japanese stab binding #37: sushi

I’ve been on a spiral kick lately. I was going for cinnamon rolls with this design, but was informed that it looked more like sushi. Later I might try a vertical, ‘stacked’ version so the sushi pattern is more obvious when the book is displayed correctly. But here you go! Advanced beginner, just because of the number of holes. Very easy to sew.

58 holes, 6″(15.24cm) wide, .25″(.64cm) thick. I wrapped the spine about 9 times to get thread length.

jsb-37

jsb-37detail

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japanese ledger binding: a tutorial

Not that it’s much of a tutorial. I drew these instructions a couple of years ago, fully intending to post them…and then forgot. Or was distracted by other things. Not very hard to believe, if you know me! I was asked for more information about a ledger bind I previously posted, so here is what I know.

This is about as simple of a bind as you can get…it just looks complicated. The most difficult part is gluing it all together and keeping it aligned. This bind should be landscape, or wider than it is tall.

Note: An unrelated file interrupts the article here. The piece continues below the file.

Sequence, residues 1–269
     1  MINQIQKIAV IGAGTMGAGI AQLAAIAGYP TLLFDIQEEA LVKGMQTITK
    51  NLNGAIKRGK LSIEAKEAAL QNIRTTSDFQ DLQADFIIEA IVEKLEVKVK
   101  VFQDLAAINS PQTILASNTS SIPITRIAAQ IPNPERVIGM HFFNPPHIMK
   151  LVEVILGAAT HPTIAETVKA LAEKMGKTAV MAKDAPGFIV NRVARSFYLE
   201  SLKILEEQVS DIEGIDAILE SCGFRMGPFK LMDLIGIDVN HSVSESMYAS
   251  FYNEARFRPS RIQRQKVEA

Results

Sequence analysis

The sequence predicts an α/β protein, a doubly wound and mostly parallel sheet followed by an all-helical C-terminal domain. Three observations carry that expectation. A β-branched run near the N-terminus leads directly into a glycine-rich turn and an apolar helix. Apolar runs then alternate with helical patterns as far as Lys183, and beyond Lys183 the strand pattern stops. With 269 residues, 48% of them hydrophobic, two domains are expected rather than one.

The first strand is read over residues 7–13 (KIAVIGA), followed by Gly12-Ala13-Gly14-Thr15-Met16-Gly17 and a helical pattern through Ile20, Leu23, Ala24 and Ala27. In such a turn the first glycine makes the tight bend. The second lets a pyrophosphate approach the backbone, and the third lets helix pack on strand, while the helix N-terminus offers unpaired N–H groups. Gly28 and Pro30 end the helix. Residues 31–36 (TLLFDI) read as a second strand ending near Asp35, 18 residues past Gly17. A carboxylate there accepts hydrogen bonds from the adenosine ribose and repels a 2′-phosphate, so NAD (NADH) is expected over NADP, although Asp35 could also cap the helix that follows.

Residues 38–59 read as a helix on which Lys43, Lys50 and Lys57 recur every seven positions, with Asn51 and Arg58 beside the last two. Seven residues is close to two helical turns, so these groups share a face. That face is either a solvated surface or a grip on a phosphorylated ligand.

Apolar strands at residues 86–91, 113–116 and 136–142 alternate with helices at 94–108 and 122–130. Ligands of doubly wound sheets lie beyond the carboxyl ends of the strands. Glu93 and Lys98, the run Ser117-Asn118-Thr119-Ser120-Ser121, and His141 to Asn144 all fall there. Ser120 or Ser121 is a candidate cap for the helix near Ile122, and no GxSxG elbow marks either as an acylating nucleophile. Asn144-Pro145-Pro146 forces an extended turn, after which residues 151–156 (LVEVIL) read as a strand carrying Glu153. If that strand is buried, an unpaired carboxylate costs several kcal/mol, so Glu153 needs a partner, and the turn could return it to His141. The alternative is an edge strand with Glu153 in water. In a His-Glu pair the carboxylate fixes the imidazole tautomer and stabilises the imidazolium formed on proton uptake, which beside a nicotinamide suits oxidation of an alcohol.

Start with a book block made of single sheets. You’ll need to drill three evenly spaced holes at least half an inch in from the spine edge, though ultimately where you place your holes depends on how wide your book is.

I generally cut a thicker piece of paper to wrap around the book block, like below. It isn’t necessary, but it makes the spine look much cleaner and if the paper of your book block is thin, the thicker paper is more durable.

Sew the block together by starting in the middle hole, and making a figure eight. Tie off. Cut the ends of your thread short, but they don’t have to be tucked in or hidden.

brh tutorial002a

The boards for the front cover should leave a gap that is twice the thickness of the board. If you skimp on the gap, your book will not open all the way. Don’t go overboard with the gap though, because the section of the cover with board #2 will flop too much and be more likely to eventually rip off. Board #3 should be wide enough to cover the stitching.

Glue the boards to the book block. I generally glue them in the order they are numbered below.

brh tutorial002b

A look at the finished product:

A blank journal for a friend

japanese ledger bind2

An art history paper for grad school. I had to make four copies of this book.

japanese ledger bind1

Hope that helps! If something doesn’t make sense, leave me a comment and I’ll try to clarify.